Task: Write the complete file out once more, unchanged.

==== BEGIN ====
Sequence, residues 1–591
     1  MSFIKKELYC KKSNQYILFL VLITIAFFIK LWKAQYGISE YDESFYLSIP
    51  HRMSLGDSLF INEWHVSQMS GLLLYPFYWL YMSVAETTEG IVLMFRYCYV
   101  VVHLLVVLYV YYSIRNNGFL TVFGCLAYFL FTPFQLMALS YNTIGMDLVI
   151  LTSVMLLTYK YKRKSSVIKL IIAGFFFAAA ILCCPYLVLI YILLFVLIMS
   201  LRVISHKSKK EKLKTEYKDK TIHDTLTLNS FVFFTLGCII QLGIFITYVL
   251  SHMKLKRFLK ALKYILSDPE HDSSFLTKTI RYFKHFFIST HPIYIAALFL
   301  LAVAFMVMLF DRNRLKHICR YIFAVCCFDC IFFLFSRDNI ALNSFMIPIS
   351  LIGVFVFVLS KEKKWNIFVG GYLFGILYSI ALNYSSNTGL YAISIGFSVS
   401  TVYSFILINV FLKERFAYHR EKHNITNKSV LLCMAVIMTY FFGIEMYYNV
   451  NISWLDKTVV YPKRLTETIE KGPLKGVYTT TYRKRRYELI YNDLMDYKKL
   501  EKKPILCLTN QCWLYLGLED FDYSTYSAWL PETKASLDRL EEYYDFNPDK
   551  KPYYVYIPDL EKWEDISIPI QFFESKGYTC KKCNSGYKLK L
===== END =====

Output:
Sequence, residues 1–591
     1  MSFIKKELYC KKSNQYILFL VLITIAFFIK LWKAQYGISE YDESFYLSIP
    51  HRMSLGDSLF INEWHVSQMS GLLLYPFYWL YMSVAETTEG IVLMFRYCYV
   101  VVHLLVVLYV YYSIRNNGFL TVFGCLAYFL FTPFQLMALS YNTIGMDLVI
   151  LTSVMLLTYK YKRKSSVIKL IIAGFFFAAA ILCCPYLVLI YILLFVLIMS
   201  LRVISHKSKK EKLKTEYKDK TIHDTLTLNS FVFFTLGCII QLGIFITYVL
   251  SHMKLKRFLK ALKYILSDPE HDSSFLTKTI RYFKHFFIST HPIYIAALFL
   301  LAVAFMVMLF DRNRLKHICR YIFAVCCFDC IFFLFSRDNI ALNSFMIPIS
   351  LIGVFVFVLS KEKKWNIFVG GYLFGILYSI ALNYSSNTGL YAISIGFSVS
   401  TVYSFILINV FLKERFAYHR EKHNITNKSV LLCMAVIMTY FFGIEMYYNV
   451  NISWLDKTVV YPKRLTETIE KGPLKGVYTT TYRKRRYELI YNDLMDYKKL
   501  EKKPILCLTN QCWLYLGLED FDYSTYSAWL PETKASLDRL EEYYDFNPDK
   551  KPYYVYIPDL EKWEDISIPI QFFESKGYTC KKCNSGYKLK L